They Aren't (Weren't) All Heroes

Discussion in 'Veteran Accounts' started by TTH, May 8, 2014.

  1. TTH

    TTH Senior Member

  2. Tom Canning

    Tom Canning WW2 Veteran WW2 Veteran

    TTH

    AS far as I recall - most Veterans did NOT claim to be more than just ordinary people doing an extraordinary task - so you are

    depressed and disgusted at the current mis behaviour of ONE Veteran out of how MANY millions - It was the Americans who dubbed

    ALL Veterans as being the "greatest generation" - no one else.

    The Veterans I knew freely admitted to being "scared to death " prior to action - then set aside all fear and just got on with it

    and did what had to be done…that doesn't depress nor disgust me…

    Cheers
     
    Mr Jinks and 4jonboy like this.
  3. Hesmond

    Hesmond Well-Known Member

    I recall back in 1992 in Kent at Maidstone crown court a ex WW2 veteran being prosecuted for booze and ciggies smuggling ,he used his ex WW2 service and that he could not live on a pension as a excuse for his frequent booze runs , he stated on TV outside the court " I only do it to sell to the boys down the legion" when he was found guilty and sentenced it was estimated he owed at least £750,000 in unpaid tax !
     
  4. two dogs

    two dogs Member

    If you can't do the time,don't do the crime.
     
  5. TTH

    TTH Senior Member

    I know very well that most veterans were simply ordinary men who had to do extraordinary things under enormous pressure. However, some don't realize that and now and again it is good to be reminded that acheivement in war does not equate to happiness or success in anything else. I don't know if this fellow was scared or not; most likely he was, like 99.9% of all soldiers. He was on Monte Battaglia, which was a horrible place. My kudos go to anyone who could be in a place like that and survive it, let alone win a Bronze Star as well. Yet it is still depressing to me to read a story like this. One never likes to see a man who was distinguished in youth and war go to pieces in old age and peacetime. No doubt you know some men like that yourself. I started a thread about soldiers who lost themselves after the war and sank into disreputable and criminal behavior, but it didn't catch on. This is another such case.
     
  6. von Poop

    von Poop Adaministrator Admin

    Said it before, but I think the fact that WW2 was fought by ordinary blokes from a standard mix of backgrounds is far more interesting than all that 'Greatest Generation' crap.
    Saints, sinners, brave, craven, and all points between.
    Brilliant.
    Human.
     
  7. TTH

    TTH Senior Member

    I agree.
     
  8. Joe Brown

    Joe Brown WW2 Veteran WW2 Veteran

    NOT the 'Greatest' but for those who lived in the cities, towns and villages of Britain and endured six years of a life and death struggle, its outcome unknown, is testimony to their spirit as a generation that deserves to be honoured and remembered 'warts and all' for what they did and how they did it.

    On my way home, concerned about the years ahead, silently vowed that whatever would befall me I would try by my reactions to life never to dishonour my Fallen Comrades. So I have tried to live and tell the sons of those with whom I served how proud they should be of their Fathers and of the generation to which they belonged.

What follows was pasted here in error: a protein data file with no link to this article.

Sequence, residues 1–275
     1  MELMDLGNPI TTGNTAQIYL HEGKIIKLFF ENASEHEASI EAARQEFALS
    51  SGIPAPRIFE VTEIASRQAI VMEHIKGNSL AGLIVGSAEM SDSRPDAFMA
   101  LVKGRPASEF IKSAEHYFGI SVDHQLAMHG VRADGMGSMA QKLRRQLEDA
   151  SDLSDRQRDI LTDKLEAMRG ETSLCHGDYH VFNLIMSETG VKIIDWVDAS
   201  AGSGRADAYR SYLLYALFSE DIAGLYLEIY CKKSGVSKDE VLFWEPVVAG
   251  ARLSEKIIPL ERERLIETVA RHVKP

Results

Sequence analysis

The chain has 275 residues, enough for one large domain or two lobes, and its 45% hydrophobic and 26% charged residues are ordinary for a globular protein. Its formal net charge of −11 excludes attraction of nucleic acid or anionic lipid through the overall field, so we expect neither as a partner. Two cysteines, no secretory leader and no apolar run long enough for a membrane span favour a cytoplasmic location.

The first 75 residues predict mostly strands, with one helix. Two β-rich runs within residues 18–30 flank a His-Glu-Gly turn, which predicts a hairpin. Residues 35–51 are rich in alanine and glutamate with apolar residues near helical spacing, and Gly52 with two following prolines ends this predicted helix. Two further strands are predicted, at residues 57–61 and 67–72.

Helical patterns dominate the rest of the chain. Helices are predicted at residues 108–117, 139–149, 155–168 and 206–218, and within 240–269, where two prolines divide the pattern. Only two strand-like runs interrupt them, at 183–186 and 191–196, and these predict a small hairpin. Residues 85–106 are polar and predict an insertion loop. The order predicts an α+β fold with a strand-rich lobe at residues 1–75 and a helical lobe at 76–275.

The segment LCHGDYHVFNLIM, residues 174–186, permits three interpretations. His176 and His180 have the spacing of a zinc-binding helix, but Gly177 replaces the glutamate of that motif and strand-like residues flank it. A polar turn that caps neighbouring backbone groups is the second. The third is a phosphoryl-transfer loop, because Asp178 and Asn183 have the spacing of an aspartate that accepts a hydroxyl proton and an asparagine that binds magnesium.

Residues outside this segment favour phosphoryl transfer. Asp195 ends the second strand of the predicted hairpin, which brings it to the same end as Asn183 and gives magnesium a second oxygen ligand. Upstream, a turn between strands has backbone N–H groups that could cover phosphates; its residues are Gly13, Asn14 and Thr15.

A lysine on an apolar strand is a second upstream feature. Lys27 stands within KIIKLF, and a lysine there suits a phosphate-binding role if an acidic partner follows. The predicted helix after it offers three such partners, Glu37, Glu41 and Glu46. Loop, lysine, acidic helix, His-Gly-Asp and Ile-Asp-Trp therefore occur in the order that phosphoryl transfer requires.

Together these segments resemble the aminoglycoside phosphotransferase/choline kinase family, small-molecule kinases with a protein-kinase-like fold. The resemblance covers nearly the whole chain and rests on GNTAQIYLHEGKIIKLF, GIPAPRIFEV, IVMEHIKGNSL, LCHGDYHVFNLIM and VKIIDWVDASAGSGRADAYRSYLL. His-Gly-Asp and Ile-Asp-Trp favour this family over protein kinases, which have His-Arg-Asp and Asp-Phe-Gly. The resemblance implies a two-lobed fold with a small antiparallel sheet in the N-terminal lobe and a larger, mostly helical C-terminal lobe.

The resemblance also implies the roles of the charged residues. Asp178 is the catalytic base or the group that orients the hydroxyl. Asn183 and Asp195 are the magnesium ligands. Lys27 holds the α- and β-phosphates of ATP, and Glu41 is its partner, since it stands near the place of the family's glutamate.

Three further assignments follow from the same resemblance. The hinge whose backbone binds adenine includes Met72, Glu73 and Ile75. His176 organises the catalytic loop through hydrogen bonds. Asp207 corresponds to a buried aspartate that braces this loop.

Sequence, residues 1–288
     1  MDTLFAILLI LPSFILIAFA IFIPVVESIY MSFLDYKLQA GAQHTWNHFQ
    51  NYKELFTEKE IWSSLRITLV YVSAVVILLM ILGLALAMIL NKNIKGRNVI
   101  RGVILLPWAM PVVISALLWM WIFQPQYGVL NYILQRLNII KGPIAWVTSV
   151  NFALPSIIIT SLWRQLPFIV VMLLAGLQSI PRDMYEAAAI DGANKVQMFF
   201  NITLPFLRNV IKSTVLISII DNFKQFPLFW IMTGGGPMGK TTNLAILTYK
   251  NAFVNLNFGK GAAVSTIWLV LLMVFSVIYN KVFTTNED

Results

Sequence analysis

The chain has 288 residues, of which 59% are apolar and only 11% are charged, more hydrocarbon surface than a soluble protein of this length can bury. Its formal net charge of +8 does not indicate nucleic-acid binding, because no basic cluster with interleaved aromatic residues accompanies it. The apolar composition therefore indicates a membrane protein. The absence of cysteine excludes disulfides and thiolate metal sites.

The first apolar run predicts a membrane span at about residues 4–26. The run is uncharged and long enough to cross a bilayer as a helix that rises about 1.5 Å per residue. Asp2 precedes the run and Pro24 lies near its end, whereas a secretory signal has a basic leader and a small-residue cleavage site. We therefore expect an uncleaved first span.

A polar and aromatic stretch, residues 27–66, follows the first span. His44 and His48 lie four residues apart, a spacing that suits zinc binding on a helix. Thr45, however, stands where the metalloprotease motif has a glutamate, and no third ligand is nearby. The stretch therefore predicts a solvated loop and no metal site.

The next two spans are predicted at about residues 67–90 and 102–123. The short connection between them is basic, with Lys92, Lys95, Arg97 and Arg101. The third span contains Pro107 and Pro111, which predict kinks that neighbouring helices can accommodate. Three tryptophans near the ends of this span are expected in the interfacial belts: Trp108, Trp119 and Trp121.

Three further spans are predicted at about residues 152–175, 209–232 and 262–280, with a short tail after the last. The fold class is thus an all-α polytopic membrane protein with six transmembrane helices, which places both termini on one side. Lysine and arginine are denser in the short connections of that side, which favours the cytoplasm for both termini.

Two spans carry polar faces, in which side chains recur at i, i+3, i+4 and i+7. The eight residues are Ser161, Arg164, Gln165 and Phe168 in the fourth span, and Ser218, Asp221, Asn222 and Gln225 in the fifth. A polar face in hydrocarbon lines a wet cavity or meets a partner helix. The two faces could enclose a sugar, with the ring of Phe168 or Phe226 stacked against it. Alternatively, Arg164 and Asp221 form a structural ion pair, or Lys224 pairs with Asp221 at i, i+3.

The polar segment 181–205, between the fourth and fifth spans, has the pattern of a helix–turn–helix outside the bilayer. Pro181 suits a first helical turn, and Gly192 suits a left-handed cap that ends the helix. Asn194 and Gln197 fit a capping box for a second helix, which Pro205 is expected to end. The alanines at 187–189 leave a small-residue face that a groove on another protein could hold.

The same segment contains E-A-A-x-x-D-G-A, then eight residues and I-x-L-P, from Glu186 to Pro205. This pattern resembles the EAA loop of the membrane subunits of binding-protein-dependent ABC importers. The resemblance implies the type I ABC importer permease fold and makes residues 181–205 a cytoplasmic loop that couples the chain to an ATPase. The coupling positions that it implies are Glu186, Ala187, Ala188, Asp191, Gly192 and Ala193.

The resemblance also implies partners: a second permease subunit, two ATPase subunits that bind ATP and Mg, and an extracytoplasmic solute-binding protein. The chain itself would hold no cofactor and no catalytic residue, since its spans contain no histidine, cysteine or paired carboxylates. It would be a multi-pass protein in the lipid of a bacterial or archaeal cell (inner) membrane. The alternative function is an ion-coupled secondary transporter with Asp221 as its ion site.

Joe Brown
     
  9. Tom Canning

    Tom Canning WW2 Veteran WW2 Veteran

    Joe

    can only agree with you to honour those who served even if it was only on one mountain of the many in Italy and elsewhere

    Cheers
     
  10. dbf

    dbf Moderatrix MOD

    The Greatest Generation thing may have started across the pond but it's managed to find fertile ground over on this side as well. The term "Ultimate Generation" has even been used on this forum. It sounds all too glib and banal to my mind. No lack of respect intended from me... ie I admired my father for what he was, as the sum total of all his experiences; certainly not for someone else's idea of what he represented, and not just for his service years.

    I agree with others who think it's far more interesting to acknowledge the humanity of those who lived through WW2. Warts and all indeed. Placing an entire generation above all the rest does not help us learn from our history or from our own nature.
     
  11. Ron Goldstein

    Ron Goldstein WW2 Veteran WW2 Veteran Patron

    I go along with what Diane and others have said about those of us who, strictly by fortune, were born in the 20's and served during WW2.

    To be fair to our generation, I don't think we ever claimed to be anything special or different from later generations but it is equally disingenious to ignore the fact that we were coloured by our experiences and this sometimes shows in what we have to tell about those frenetic days.

    As they used to say, life moves on and so, when we are no longer here to bore you with repetitive reminiscences, there will be other media made "heroes" on which to despair.

    I particularly liked A's "Human" ......... You could do worse than be described as such :)

    Ron
     
  12. Rich Payne

    Rich Payne Rivet Counter Patron 1940 Obsessive

    Without wishing to condone the effects of what he has done, I have to admit to a certain respect for someone of ninety who still seeks excitement and adventure. His motivation is wrong but I suspect that he's just the sort of person who would have kept his cool in battle. If he'd been running moonshine then I certainly couldn't condemn him...
     

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